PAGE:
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How to survive your first 30 days of house-hunting in Paris

How to survive your first 30 days of house-hunting in Paris

You remember, don’t you?

That time you were trying to find a place to rent after you graduated from college, or moved to the nearby city after high school. Though you had grown up in the area, it was your first time doing this, and you were overwhelmed.

Multiply that by a thousand, and you’ll start to understand what it can be like to do something similar in another country, especially if you don’t speak the language.

It’s as if you’re thrown in the ocean and told to swim for your life…but you can’t swim.

Being in Paris can be a heady feeling, but the beauty and all the lovely things that it represents don’t make it any easier to navigate finding a place to stay that you like and is located in your preferred arrondissement. And if it’s your first time in Paris, you might not even know what an arrondissement is. Those first thirty days may be difficult as you try to adjust to a new environment and the local culture.

But don’t give up. You can do this.

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Deep breath

First of all, take a deep breath and have a glass of wine, or go for a stroll. Remind yourself why you are in France. Why did you come here in the first place? Was it a dare? A chance for adventure? School? Marriage? Think of all the wonderful reasons you are here and let them ground you. When you have found your center, take out a sheet of paper—or tap your iPad--and write down what it is you’re looking for—your dream place.

Use that list

There are many places that can help you with home-hunting in Paris. Agencies like Paris Attitude are lifesavers. They will do everything for you, once you give them that list you just made. Whatever your specifications, they will assist you in finding what you want, and suddenly, life is perfect.

Make some friends

Trust me, you’re not the first expat to deal with trying to find a place to live in Paris. Join an expat community and make some friends. They will be invaluable, not just for your sanity, but for tips as to what to do in your situation. They can tell you what they went through, what to look out for, and they’ll give you a hug after you’ve found the perfect place, only to find someone else got there first.

Educate yourself

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There’s nothing worse than going blind into a situation. Learn the definition of furnished and unfurnished rentals, according to the French; the length of the leases for each type; how utilities work, you get the idea. Get those brand new friends of yours to help you, especially if they speak the language, because they can help you understand the law and what’s expected so you don’t get into trouble or slow down the process. It wouldn’t hurt for you to learn a bit of the language, too, just to be polite. It can smooth things over with your prospective landlord to say “Bonjour” at the very least. Learn about illegal clauses. How should you behave when you meet your landlord? Is there some form of etiquette? Doing your research ahead of time will only help you in the long run.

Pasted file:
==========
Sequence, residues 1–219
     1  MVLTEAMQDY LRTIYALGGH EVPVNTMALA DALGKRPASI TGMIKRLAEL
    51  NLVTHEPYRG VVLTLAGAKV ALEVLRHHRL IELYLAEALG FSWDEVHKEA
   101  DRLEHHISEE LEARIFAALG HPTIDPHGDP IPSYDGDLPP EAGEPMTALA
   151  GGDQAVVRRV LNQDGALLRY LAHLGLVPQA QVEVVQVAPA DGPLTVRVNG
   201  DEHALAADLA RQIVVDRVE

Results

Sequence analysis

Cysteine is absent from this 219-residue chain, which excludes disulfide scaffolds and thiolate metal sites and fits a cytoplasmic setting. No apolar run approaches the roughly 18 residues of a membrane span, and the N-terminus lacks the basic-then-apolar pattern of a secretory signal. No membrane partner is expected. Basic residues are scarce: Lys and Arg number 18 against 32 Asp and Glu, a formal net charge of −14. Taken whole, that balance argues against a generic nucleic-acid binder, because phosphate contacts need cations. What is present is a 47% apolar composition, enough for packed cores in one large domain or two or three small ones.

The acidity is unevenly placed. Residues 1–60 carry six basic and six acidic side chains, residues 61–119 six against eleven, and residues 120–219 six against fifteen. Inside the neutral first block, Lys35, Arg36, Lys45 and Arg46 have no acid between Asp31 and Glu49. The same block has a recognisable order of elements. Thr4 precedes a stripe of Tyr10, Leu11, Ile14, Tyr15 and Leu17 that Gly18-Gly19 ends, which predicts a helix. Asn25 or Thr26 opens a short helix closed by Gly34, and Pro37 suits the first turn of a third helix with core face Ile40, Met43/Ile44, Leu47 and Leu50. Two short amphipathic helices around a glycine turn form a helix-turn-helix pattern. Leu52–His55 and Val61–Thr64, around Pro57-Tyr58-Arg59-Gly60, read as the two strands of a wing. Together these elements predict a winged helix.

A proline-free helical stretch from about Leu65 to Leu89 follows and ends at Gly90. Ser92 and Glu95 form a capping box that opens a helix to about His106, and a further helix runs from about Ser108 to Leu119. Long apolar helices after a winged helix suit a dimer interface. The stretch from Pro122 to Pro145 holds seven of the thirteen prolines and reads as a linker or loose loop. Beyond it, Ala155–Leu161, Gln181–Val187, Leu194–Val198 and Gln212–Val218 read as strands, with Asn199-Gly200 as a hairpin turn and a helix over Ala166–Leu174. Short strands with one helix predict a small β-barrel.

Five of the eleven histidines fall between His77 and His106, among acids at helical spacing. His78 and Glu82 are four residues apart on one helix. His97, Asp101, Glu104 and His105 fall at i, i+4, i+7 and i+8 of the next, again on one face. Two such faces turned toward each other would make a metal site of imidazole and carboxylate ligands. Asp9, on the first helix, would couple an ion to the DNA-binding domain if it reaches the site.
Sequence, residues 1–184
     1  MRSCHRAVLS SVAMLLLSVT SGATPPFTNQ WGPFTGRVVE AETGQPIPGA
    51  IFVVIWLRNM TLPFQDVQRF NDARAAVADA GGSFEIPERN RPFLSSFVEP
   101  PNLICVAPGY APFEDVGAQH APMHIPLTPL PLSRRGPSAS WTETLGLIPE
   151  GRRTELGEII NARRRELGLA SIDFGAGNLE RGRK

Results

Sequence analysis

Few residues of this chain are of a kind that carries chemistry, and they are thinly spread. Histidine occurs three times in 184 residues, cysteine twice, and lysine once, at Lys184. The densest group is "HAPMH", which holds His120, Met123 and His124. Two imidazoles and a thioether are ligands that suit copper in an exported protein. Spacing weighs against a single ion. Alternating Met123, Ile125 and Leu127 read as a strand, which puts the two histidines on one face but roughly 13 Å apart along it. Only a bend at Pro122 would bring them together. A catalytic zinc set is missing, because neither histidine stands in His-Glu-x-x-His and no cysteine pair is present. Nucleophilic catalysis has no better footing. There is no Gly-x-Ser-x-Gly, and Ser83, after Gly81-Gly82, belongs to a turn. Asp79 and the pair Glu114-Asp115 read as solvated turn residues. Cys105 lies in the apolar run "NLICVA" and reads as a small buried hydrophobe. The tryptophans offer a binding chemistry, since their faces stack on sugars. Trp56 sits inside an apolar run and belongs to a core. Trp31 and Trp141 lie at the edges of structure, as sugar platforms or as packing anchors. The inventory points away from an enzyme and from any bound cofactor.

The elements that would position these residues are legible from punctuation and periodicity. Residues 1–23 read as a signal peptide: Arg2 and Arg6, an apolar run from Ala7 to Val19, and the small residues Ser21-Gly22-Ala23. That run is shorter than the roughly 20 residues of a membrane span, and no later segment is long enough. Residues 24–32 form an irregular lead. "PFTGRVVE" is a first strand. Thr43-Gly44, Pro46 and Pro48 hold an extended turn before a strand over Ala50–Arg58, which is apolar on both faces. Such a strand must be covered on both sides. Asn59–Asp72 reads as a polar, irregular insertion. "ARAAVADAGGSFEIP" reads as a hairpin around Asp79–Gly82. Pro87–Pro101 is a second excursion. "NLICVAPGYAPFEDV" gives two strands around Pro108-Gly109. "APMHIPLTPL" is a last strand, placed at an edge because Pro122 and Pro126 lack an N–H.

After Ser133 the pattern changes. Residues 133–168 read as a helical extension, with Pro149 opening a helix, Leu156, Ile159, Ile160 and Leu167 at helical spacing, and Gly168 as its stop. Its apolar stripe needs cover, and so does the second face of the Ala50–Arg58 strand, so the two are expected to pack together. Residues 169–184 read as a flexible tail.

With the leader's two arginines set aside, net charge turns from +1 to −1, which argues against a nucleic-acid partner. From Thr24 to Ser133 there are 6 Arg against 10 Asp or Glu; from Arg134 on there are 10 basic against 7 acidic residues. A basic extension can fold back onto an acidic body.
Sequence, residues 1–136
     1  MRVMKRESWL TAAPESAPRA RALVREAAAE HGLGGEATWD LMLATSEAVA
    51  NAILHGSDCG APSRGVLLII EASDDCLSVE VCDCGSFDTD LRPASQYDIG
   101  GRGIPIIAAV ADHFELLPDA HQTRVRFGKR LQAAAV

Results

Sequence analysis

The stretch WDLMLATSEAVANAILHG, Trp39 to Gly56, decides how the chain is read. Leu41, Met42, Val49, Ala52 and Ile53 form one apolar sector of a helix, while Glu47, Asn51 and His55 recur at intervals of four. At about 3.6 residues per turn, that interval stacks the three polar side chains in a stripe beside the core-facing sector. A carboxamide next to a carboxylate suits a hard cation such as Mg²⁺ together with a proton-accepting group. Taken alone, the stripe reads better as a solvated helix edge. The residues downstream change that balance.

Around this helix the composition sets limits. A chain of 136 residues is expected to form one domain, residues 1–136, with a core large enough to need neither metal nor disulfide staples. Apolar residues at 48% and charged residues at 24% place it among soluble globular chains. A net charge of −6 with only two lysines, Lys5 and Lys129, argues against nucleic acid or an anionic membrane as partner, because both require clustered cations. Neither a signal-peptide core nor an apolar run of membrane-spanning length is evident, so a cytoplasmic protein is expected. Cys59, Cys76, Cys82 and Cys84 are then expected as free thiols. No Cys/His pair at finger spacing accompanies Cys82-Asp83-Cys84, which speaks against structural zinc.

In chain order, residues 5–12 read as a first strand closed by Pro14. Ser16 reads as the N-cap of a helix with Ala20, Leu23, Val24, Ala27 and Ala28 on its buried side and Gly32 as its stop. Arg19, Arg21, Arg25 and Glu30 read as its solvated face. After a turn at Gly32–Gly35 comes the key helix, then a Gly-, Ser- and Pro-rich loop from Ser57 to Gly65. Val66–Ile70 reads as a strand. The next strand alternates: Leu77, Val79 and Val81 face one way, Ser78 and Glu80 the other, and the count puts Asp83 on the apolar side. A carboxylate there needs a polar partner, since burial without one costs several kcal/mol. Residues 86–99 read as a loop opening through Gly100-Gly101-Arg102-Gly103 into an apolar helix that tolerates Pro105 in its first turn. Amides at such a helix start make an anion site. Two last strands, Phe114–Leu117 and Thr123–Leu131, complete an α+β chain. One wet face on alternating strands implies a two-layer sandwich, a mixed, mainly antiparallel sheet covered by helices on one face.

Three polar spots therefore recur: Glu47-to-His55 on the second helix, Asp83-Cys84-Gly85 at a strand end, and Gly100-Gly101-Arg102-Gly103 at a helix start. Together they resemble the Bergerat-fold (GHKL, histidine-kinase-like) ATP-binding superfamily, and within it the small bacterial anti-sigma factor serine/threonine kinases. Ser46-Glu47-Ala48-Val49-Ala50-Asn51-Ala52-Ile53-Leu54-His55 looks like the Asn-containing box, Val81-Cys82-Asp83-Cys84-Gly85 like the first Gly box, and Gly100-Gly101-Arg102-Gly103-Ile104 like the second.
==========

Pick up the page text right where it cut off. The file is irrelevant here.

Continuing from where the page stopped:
Get to know Paris

Remember that list you made earlier to give to the agency? It would be helpful if you had a good idea of where you want to live, how much you want to spend, and so forth. Make the time, perhaps on the weekends, to do a personal tour of Paris. Perhaps take a friend or two with you. Make it fun! Ride your bicycle or take the bus and investigate the arrondissements. What do you like? What turns you off? How easy would it be to get from home to your job or the university? Is your favorite food nearby? What about the grocery store? Movies? There is also a lot of information and articles online about the arrondissements that would be helpful in your research. All these things will not only help you learn more about Paris, but also give you a feel for the city and how best to direct the agency to helping you find that dream home.

Get your documents in order

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Before you even think of approaching a landlord or agency regarding a rental—furnished or otherwise—you will need to have your papers in order. Trust me, you don’t want to forget this part. And it will help you with other legal procedures in Paris, as well. It’s all about paperwork. That means you have a job (and perhaps a copy of your contract), bank account, pay slips, previous year’s tax filings, receipts for your previous rental, whether or not it was in France, your visa, and carte de séjour.

What rentals should you choose?

It’s always nice, if you have the money, to be able to move all your beloved pieces of furniture and the things that remind you of home to the country where you’ll be staying for an extended period. Choosing an unfurnished rental would better accommodate all your items, and you can have practically the best of both worlds. The leases for unfurnished rentals are for three years minimum, so bear that in mind.

But not everyone can do this, and it might not be practical for most budgets. It might suit your situation better to get a furnished rental, for which the lease is only one year (nine months if you’re a student), giving you time to acclimate to France and the reasons you’re here in the first place, instead of worrying about shipping costs. This works, too, if you’re working for a branch of your company in Paris and just need some place to call your own for a relatively short period of time.

Why a furnished rental?

Well, pourquoi pas? It can be costly to ship things from one country to another. That’s one less headache in a sea of getting a visa, carte vitale, and other paperwork. This works especially well if you’re a short timer, meaning you’re only staying for up to a year. You won’t have to worry about moving furniture out when you leave, again saving costs and back pain. It’s one less thing to have on your mind.